I noticed that many builders have inflated their abstract pricing on their inventory in order to offer better incentives and offer ‘dramatic’ price cuts so that buyers feel like their getting great deals when they buy a new home.
I recently sold a home in the Village at Centennial near the Denver Tech Center where the builder was offering the same home at $505,000 even though they hadn’t sold a home like it for more than $450,000. In fact, the majority of the similar home sales were around $425-$440k. This method has helped the builders maintain their net in the face of foreclosures appearing on the market. In fact, it actually helps keep the lenders from pricing their homes to low. The BPO (Broker Price Opinions) usually include price of homes that are currently for sale. So even though the foreclosed homes are trashed out, they are priced just under what the builder will accept new. And of course, the buyers leave like they’re getting a great deal.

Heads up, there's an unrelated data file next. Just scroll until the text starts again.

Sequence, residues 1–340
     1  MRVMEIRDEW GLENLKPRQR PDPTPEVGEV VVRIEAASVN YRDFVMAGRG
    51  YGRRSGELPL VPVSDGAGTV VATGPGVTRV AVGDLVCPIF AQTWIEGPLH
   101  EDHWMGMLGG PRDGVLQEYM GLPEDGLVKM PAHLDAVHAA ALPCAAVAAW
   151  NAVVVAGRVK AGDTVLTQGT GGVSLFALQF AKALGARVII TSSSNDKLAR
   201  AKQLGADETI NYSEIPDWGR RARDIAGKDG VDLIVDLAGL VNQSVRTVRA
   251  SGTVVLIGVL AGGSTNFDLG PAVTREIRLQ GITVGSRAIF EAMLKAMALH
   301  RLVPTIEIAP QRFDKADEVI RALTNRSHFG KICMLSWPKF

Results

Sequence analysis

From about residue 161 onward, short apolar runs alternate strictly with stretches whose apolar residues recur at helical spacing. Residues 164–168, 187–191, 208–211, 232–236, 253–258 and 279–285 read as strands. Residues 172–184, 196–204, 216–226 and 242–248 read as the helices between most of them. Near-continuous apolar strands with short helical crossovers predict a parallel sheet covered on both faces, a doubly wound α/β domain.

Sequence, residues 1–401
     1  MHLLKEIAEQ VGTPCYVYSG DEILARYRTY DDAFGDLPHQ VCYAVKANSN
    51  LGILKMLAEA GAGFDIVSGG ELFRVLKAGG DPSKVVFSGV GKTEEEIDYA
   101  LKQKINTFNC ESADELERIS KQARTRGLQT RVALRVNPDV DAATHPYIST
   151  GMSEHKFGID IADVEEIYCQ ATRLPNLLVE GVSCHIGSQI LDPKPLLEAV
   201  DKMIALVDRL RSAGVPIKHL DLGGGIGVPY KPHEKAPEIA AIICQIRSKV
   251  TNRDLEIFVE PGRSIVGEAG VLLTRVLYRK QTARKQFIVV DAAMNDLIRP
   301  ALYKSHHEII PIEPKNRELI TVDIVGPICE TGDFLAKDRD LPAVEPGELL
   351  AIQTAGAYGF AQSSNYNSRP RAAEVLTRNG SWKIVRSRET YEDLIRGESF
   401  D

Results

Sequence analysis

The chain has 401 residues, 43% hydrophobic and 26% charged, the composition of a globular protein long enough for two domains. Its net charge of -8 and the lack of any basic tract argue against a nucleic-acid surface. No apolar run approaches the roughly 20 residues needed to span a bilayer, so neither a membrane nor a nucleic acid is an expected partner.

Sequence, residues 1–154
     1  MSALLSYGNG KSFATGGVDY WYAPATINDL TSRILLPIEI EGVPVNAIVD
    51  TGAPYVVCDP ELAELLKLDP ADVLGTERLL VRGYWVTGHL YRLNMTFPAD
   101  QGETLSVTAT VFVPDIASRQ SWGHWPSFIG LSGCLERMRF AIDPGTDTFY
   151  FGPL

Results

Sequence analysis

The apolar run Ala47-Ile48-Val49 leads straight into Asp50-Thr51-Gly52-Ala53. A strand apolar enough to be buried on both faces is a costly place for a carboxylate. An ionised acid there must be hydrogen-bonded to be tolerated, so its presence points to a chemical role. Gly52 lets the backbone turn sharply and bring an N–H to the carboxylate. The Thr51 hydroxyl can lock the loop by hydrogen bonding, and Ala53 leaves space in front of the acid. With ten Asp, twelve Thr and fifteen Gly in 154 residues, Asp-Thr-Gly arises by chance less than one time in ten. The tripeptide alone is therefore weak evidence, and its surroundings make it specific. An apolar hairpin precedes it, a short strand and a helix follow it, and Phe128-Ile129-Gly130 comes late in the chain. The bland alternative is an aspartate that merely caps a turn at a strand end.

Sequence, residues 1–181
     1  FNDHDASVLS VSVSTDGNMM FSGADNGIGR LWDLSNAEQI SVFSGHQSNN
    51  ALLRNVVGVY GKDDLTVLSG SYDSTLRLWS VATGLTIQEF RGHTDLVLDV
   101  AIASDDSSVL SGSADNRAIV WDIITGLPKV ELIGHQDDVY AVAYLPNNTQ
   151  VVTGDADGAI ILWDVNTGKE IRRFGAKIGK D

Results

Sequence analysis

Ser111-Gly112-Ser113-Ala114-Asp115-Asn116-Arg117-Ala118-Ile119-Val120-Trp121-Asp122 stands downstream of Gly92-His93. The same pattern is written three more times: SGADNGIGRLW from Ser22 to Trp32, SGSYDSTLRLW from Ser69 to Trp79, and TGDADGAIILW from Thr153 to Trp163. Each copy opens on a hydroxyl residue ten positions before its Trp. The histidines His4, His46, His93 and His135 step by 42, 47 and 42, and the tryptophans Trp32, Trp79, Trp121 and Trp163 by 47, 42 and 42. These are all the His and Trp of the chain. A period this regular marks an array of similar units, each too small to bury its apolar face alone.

I talked to the sales rep in the office about their current inventory and he admitted that he had the ability to move as much as 15% off of the list price depending on the ‘read’ he got off of the customer. That’s the sort of thing that doesn’t bode well for the current homeowners that may have paid too much. Especially when they get in a need to sell situation like a job change. It also tells me that most unrepresented buyers are like deer in headlights when they walk into the sales office.
Funny part is, most buyers still fall for the ‘base price’ system where they hook you with a lower price while showing you a better product in the model. They then either raise the price or act like their giving you a deal by offering you incentives in upgrades.
When a builder is offering $50,000 in upgrades, it makes you wonder, how did they arrive at that number?